“What if the church models a way of life that asks, not passionate surrender but ho-hum assent? What if we are preaching moral affirmation, a feel-better faith, and a hands-off God instead of the decisively involved, impossibly loving, radically sending God of Abraham and Mary, who desired us enough to enter creation in Jesus Christ and whose Spirit is active in the church and in the world today?”[4]
As I read Kavanaugh’s book and Dean’s book side-by-side, I wonder if the faith we are practicing, if the faith we are preaching, if the faith we are passing on to the next generation has become no different from other commodities being sold: a simple be-good-ism in the name of a nice God who can bail us out when we are in a pinch. Have we sold out to the Commodity Form? Have we become indistinguishable from the rest of the culture? Are our church’s worship services, fellowship events, and opportunities to serve our neighbors just one more in a long set of extracurricular options offered alongside concert series, baseball games, and food drives conducted by the Kiwanis, Rotary, or other civic organization? And if not, how are we showing that by the way we live our lives individually and corporately as Christians?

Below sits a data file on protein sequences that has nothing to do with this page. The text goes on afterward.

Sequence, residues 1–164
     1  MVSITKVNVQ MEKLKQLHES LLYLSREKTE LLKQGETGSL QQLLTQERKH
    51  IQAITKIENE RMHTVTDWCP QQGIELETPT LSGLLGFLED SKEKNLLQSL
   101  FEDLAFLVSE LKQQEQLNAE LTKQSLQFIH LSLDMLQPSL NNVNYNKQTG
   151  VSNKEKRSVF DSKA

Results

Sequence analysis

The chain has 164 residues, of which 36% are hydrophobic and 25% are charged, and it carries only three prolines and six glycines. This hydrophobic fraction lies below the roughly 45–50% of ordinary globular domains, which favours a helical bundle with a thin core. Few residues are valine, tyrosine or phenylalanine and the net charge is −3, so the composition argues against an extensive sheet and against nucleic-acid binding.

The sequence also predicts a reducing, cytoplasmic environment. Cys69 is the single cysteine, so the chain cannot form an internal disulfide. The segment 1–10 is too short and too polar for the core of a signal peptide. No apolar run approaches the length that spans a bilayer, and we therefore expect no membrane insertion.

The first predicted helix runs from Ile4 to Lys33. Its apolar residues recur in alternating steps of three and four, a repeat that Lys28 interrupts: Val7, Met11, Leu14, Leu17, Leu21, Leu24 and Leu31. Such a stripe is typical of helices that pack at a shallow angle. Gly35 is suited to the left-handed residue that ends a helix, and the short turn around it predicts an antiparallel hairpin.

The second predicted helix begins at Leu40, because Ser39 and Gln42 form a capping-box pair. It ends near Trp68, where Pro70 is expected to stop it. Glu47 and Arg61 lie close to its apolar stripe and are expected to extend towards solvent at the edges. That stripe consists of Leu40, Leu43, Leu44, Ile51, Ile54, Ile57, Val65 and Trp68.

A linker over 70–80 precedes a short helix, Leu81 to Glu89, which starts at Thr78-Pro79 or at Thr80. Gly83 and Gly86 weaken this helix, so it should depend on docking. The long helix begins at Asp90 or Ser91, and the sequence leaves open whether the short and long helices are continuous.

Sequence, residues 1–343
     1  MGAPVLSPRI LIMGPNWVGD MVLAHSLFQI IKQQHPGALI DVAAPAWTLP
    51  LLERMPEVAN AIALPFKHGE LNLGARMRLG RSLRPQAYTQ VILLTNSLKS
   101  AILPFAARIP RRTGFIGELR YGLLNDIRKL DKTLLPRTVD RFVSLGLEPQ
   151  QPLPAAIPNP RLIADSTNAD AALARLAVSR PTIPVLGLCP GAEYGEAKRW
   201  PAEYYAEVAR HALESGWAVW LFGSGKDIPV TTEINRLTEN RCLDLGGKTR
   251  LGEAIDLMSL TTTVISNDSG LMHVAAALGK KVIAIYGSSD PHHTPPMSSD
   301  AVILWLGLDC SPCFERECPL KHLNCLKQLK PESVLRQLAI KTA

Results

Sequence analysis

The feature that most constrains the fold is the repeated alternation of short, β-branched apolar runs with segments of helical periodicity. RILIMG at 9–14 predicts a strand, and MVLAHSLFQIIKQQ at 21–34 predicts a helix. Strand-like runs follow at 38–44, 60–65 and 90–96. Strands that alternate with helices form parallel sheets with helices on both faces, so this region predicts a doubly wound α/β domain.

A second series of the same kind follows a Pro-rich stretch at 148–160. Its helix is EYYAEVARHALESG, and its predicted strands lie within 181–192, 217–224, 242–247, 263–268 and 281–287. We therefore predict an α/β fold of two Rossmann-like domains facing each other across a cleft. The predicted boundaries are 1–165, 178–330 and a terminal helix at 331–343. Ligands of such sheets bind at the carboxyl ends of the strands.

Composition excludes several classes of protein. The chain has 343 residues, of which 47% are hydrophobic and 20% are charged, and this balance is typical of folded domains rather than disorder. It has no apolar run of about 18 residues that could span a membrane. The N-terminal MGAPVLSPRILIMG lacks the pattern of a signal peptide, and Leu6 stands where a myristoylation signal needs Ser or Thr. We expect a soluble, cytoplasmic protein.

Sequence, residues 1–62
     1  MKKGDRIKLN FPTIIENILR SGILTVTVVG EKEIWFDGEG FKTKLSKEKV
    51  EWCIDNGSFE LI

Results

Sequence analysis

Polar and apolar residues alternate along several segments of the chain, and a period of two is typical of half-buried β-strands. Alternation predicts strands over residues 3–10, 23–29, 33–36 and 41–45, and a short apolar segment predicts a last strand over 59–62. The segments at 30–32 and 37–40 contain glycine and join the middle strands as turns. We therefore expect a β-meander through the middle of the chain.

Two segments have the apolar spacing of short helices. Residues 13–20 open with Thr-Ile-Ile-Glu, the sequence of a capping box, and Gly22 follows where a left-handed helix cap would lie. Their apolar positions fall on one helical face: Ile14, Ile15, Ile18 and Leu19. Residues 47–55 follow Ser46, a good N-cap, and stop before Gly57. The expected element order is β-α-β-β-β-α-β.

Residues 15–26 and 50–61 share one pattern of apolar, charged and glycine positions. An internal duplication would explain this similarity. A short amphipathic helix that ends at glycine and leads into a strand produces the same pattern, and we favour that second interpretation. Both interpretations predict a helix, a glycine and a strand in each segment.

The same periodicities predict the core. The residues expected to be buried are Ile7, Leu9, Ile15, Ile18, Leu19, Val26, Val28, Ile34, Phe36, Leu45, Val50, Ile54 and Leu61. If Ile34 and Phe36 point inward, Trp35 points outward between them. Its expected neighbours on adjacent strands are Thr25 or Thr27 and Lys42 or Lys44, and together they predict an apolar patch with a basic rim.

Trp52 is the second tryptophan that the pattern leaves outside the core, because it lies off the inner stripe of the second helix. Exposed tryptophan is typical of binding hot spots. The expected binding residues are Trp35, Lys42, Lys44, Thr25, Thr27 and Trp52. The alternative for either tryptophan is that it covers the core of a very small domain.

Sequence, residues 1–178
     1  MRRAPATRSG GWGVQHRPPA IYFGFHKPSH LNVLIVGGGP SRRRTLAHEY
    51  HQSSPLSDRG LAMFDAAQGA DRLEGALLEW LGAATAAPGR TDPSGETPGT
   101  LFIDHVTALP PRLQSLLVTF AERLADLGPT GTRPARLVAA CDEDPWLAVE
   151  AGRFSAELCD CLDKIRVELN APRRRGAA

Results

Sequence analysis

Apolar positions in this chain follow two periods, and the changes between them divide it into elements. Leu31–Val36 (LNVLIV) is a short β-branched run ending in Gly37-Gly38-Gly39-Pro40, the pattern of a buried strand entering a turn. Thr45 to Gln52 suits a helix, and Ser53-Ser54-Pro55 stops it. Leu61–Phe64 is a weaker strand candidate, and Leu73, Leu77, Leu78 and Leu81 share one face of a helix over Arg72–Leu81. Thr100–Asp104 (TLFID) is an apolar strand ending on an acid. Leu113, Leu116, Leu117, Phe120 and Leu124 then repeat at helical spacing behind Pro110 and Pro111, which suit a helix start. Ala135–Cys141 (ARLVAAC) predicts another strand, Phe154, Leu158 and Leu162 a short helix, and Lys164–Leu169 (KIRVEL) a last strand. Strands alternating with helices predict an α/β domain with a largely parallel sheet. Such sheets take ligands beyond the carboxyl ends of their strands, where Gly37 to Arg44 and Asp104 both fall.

The Lord said to Abram, "Go from your country and your kindred and your father's house to the land that I will show you. I will make of you a great nation, and I will bless you, and make your name great, so that you will be a blessing.”[5] This passage from Genesis follows on the heels of the story of the Tower of Babel. As that story begins we are told that “the whole earth had one language and the same words . . . and [the people] said to one another, ‘Come, let us build ourselves a city, and a tower with its top in the heavens, and let us make a name for ourselves.”[6] Let us make a name for ourselves. Isn’t that the message of the Commodity Form? Isn’t that the promise of our culture yet today – the latest gadget will show people that you are on top of the technology curve – it will show people that you have arrived – you will have made a name for yourself. It seems human nature hasn’t changed all that much in these many centuries. And just as the Tower of Babel came tumbling down and the language of the culture was confused so too do the values of our own culture let us down – time and time again. The new car eventually breaks down, the newest gadget is quickly replaced by the even newer gadget, the pursuit of money, power and prestige only leaves us feeling tired and, as the past several years have showed us, disappointed or even empty-handed. The cultural center – the Commodity Form – cannot hold. Dean in Almost Christian suggests “spiritual disentanglement” as a practice to move us away from the false promises of our culture. And perhaps the season of Lent gives us such an opportunity as we are left standing in the wilderness of Lent, naked before our God.